When the body checking started it was only through a glance at my reflection walking past a window or a quick look in the mirror. You know how you walk past a shop and see your reflection and you're like yep I'm looking real good today, yeah that didn't happen for me. I'd walk past and think 'god my legs look big in these pants' or 'I shouldn't have taken my jumper off you can see my stomach in the outline of my shirt'.
From the outside, Sarah Coyte seemed to be living an athlete's dream. As a regular member of the Australia line-up at a time when the women's game was exploding into the general sporting consciousness with opportunities to travel and make a decent living from cricket, Coyte had found the career she had envisioned since she was a girl.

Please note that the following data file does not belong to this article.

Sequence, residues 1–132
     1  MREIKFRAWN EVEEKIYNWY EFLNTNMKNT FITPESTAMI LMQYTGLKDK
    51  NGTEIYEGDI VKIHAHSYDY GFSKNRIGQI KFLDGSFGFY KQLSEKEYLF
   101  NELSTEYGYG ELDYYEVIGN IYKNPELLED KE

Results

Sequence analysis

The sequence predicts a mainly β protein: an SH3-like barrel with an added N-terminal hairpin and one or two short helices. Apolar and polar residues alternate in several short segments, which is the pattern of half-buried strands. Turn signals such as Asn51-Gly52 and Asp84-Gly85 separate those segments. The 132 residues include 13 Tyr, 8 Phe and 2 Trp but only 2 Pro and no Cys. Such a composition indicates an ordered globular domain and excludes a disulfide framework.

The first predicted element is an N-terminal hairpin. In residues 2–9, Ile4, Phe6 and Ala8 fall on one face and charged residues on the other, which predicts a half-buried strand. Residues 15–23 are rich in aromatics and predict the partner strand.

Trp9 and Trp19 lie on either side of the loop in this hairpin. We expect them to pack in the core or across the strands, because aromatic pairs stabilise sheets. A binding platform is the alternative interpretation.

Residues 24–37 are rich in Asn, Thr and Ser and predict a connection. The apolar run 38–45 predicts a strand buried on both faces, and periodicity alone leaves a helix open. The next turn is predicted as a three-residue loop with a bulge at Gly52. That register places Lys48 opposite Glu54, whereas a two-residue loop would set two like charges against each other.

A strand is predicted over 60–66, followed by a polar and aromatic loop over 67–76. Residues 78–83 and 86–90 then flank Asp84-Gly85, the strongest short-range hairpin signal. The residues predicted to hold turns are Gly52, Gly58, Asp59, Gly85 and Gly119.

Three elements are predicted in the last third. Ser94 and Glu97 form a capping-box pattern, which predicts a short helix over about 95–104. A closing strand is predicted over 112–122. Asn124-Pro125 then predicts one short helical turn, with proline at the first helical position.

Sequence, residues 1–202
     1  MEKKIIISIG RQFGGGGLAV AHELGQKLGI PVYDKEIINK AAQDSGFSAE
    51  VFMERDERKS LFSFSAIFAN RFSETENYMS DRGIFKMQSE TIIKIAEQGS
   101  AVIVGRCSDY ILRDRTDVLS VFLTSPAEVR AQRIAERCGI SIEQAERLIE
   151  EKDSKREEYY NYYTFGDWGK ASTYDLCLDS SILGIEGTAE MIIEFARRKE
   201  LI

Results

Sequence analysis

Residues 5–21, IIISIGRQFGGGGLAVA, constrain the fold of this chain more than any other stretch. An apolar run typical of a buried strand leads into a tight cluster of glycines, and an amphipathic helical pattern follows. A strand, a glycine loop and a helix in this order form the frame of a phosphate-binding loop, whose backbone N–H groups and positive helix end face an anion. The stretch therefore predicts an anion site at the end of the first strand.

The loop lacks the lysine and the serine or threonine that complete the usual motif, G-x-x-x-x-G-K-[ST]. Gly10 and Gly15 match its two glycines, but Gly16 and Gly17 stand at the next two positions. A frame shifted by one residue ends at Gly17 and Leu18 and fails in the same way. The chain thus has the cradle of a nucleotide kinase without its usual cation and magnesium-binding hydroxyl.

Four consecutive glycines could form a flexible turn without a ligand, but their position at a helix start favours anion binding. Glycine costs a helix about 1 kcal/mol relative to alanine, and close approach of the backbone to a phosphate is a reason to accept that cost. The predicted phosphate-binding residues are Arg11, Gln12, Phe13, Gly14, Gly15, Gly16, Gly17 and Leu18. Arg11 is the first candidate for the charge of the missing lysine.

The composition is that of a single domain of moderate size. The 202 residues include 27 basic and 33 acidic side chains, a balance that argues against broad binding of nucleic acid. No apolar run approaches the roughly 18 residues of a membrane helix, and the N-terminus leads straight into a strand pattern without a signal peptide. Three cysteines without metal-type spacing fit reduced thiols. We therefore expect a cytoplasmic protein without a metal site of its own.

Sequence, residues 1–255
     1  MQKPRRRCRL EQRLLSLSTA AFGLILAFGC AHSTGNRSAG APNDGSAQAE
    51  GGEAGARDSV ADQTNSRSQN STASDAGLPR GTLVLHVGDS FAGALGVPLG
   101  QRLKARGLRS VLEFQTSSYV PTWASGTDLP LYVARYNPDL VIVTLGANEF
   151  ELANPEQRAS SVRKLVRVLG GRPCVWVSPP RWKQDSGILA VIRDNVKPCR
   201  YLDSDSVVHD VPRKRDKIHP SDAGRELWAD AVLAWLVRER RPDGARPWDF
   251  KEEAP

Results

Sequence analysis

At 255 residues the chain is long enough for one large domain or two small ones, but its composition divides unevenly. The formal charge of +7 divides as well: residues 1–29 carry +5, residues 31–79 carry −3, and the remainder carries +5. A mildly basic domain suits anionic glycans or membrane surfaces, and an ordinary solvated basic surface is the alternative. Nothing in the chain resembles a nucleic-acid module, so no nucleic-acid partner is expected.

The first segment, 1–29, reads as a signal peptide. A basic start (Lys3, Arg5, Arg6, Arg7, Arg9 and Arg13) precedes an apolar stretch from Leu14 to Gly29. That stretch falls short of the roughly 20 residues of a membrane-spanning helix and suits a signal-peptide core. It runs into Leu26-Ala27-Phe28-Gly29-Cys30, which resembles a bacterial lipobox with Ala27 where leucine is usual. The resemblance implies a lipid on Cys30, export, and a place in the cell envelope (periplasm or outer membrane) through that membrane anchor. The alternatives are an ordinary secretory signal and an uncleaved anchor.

But the talented medium-fast bowler was hiding a secret that weighed on Coyte as much as the imaginary extra pounds she feared she was carrying. Training had become an obsession and vomiting after meals a ritual. The looming cloud of dreaded skin-fold tests was always creeping closer and, with it, the overwhelming and excruciating bouts of severe anxiety. As she wrote in her blog post.